In perhaps one of the finest examples of corporate greed in gaming (well, outside of everything Konami has been doing,) it was just revealed that the highly-anticipated Final Fantasy VII remake will not be shipped as a whole product, but instead in bite-sized chunks, because of course the most popular title in Square’s library needed to make more money than was already anticipated. If you’ll excuse the harsh tone, from a consumer standpoint, this news is absolutely wretched. This is perhaps the final boss of disgusting business practices in gaming, carving up something that was guaranteed to make a massive profit, because let’s face it, who wasn’t going to buy the Final Fantasy VII remake, and serving it up as a ‘more digestible’ experience to players in order to shill for those sweet, sweet Season Pass dollars.
Final Fantasy VII is one of the crown jewels of gaming, a title that has stood out in the hearts of gamers for decades, the very definition of a classic RPG title. I can’t think of a single gamer in my social circles that hasn’t at least recognized how groundbreaking the game was, even if they didn’t play it themselves. It remains a hallmark of the gaming world, next to Tomb Raider, Earthbound, and the rest, and people have been clamoring for years to have the fantastic sci-fi story and compelling characters brought to modern consoles in order to play one of their favorite gaming experiences with the graphical and musical enhancements that technology has brought us. It seemed like the time for celebration was nigh these past few days, as news of a remake finally broke past Square’s lips and was revealed to the world, with first impressions appearing almost exactly as people expected them to. The hype was real, and even as I sat at my computer at the press reveal I could feel the money in my wallet slowly creeping towards my computer screen, eager to feed the creation I had waited so long for.
Then they messed it up. They messed up bad. In one fell swoop, Square has ruined a major portion of the hype with the announcement of this long-awaited remake becoming episodic content. The reasons are clear: profit. They knew they would make a lot of money off of Final Fantasy VII being released again, hell, it was a good amount of what the internet’s been talking about for the past two decades. There was no chance for failure, no chance for the money to not be made back. But it wasn’t enough, apparently. Projected sales be damned, they need to piggyback off of both the love of fans and the curiosity of newcomers alike.
Allow me to explain. If the game was released as a true-to-life remake, the same FFVII that we all know and love but given a beautiful coat of paint on top, the majority of gamers would still probably buy it. I’m not even really a Final Fantasy fan any more, especially considering the quality of some of the more recent entries in the series, but I would still have bought the remake on release day, no questions asked. The game was a huge part of my childhood, and I would have picked it up for nostalgia value alone, along with many others for the same reasons, I’d wager. Some curious young souls who didn’t have the chance to play it in the past would probably get it as well to see what all the fuss was about, but that would be a small minority of sales made. Episodic content is in a different league altogether, however.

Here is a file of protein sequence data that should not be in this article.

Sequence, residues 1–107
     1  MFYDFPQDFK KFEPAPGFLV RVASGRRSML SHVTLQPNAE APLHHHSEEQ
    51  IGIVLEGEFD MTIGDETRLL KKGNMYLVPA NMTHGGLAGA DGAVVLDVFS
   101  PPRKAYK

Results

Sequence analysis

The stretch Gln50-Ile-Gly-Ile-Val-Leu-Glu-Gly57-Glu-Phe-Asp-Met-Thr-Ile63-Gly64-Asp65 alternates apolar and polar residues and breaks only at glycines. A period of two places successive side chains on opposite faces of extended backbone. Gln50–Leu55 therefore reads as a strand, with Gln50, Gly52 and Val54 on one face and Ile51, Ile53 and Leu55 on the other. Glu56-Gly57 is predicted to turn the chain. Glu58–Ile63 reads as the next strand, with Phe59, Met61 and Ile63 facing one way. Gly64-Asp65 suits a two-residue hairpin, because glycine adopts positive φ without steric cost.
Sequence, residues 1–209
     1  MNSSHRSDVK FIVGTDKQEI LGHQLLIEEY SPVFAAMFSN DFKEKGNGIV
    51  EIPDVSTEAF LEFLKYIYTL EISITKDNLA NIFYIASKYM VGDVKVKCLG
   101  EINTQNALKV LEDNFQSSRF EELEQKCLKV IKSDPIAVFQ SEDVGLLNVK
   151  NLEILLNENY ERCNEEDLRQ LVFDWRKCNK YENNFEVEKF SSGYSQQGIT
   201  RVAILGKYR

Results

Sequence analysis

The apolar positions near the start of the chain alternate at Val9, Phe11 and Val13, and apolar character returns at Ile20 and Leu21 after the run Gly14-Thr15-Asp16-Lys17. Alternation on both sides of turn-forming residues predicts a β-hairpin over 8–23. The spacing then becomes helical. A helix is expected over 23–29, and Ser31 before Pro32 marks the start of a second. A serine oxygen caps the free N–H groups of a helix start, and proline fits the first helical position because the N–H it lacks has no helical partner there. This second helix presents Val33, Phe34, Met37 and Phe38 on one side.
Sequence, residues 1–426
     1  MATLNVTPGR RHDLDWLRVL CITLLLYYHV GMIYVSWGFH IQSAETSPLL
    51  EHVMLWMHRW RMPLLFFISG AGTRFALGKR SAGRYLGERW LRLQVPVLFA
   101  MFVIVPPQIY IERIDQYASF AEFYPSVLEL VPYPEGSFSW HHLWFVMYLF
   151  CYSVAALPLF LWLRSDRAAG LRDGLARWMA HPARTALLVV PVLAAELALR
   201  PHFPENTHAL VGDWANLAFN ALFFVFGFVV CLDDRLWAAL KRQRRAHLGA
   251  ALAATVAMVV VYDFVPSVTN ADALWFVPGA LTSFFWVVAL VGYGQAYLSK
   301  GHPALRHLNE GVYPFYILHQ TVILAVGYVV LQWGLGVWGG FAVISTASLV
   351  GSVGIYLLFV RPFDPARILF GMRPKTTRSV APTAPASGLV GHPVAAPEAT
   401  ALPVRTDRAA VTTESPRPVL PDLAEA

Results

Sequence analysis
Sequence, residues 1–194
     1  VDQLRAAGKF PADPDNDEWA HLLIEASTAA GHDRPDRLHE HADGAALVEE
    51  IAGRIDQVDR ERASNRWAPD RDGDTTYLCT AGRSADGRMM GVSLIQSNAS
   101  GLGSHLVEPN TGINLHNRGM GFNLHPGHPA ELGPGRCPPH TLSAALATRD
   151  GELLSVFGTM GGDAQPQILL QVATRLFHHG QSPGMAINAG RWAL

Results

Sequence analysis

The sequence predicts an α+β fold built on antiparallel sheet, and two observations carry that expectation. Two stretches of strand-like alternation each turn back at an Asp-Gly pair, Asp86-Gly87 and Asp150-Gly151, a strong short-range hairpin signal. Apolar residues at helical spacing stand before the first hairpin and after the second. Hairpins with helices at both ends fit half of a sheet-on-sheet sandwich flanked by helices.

Episodic content makes it easier to advertise to those who aren’t willing to fully commit to the full $60 purchase most games entail. That small minority of purchasers who bought simply out of curiosity will now balloon into a large percentage of sales the game has. It may seem an intimidating prospect to some to jump into a purchase that you might not be interested in, no matter the scores it might receive in reviews, but hey, you can give it a ‘test drive’ for sixteen dollars and just buy the rest later if you like it. This means that plenty of gamers will probably buy a portion of a game that they might not enjoy, and while it might simply be a twenty dollar loss for them, Square will be sitting back and cackling as they turn all of your wasted twenties into sheer profit. This also presents an issue to those who will buy the inevitable Season Pass outright because they’re excited for the chance to play FFVII again, giving Square a hefty amount of money (likely comparable to the price of a full game) for something that’s already been shown Square isn’t willing to put in its full effort for. The first episode could turn out to be absolute garbage, but hey, you’re guaranteed to four or five months of the same because you already wasted your money on it!
Now, you might think I’m being presumptuous. The game could very well be great, even in episodic form, but the greed exhibited by Square here is absolutely unforgivable. They’re cashing in on the hype and the good faith of the fans to make a frankly unnecessary amount of money, while able to sit back and carve up content because they know full well you’ll buy it anyways. They want the gullible ones, the naive, to think of this move as a good thing, as a way to spread the word of the game to a new audience, while in actuality they’re looking to suck up your money in the absolute laziest way possible. You’re not being clever, Square, I see right through this move of yours, and I disapprove. As much as I love Final Fantasy VII, I won’t be taking part in this remake until you’ve proven that you care more about your customers than you do about their wallets. In the past few years, Square hasn’t exactly been the poster child of good companies, with many of their games incorporating rather poor DLC practices, but this is by far the worst move they’ve made yet. You’ve shot yourselves in the foot here, mates, and you’ve lost yourself a customer.
Source: Square Enix Press Center